For some time now, some of my on-line friends have advised me to provide a version of CassidySlangScam without the invective aimed at Cassidy and his supporters. In response to that advice, I am working on providing a glossary of the terms in Cassidy’s ludicrous book How The Irish Invented Slang with a short, simple and business-like explanation of why Cassidy’s version is wrong.
Ballyrag or bullyrag is an American term dating back to the late 18th century. There is no certainty about its origin, though it is probably linked to bully or to rag, both of which carry the meaning of verbal attack. There is an interesting discussion of its possible links on the OED blog here:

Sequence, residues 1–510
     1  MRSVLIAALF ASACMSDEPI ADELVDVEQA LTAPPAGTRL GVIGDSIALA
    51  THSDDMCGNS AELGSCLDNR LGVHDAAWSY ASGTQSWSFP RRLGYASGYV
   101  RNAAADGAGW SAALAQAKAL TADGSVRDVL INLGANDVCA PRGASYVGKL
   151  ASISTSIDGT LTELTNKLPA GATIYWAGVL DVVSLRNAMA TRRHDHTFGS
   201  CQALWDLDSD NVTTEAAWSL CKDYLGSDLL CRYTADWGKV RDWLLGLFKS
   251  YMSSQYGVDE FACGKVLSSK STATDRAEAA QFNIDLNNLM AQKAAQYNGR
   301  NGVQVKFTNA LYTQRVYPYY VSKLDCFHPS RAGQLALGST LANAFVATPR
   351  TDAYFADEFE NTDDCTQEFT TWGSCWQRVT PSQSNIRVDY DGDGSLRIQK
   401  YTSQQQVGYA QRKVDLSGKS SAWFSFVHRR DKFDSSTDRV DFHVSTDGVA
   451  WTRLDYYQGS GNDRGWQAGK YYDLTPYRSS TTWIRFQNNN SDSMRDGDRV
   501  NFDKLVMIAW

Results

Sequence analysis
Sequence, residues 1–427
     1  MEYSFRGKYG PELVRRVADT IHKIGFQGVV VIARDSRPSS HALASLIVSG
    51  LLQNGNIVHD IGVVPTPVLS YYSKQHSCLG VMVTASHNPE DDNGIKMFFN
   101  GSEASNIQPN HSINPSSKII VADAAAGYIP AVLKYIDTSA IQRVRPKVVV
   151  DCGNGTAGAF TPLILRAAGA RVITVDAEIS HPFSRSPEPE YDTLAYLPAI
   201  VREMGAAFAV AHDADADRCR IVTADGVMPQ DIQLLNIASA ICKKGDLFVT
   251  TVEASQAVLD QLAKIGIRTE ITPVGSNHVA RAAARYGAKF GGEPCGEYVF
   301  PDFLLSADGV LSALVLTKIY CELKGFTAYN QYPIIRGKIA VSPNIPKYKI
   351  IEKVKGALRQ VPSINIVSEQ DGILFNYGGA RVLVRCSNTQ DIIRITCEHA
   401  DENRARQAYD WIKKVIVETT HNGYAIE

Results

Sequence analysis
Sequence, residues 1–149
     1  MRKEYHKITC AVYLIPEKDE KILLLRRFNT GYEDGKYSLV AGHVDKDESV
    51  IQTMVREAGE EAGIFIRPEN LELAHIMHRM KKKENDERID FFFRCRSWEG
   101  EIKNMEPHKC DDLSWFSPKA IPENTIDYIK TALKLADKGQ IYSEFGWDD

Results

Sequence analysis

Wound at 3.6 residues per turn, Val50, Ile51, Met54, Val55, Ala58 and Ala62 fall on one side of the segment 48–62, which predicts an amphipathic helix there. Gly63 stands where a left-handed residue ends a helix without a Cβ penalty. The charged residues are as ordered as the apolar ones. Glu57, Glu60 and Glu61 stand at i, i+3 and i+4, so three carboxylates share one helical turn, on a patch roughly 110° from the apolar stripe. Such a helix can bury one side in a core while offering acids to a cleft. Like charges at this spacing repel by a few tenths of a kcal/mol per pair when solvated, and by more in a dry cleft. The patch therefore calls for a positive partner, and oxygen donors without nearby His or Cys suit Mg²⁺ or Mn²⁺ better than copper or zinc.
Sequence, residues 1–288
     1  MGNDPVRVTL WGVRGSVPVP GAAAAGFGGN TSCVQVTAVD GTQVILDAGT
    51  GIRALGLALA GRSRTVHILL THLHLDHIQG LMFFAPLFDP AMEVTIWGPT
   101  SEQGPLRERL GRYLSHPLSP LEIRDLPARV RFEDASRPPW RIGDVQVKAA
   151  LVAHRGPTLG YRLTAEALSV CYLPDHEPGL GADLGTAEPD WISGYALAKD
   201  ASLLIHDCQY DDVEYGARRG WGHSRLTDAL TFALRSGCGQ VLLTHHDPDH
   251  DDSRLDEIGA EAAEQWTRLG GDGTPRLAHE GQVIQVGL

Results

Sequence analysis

Cassidy claims that it comes from the Irish word bollaireacht. The link with bollaireacht is very improbable. For one thing, the –cht ending sounds nothing like a g, so the sound similarity is unconvincing. Secondly, the meaning of bullyrag (or bullyrag) is very specific. It means to harangue, browbeat or verbally bully someone. Bollaireacht is an obscure word meaning boasting. Boasting to someone and bullying them are completely different behaviours and there seems no reason to suppose that there is any connection between these two words.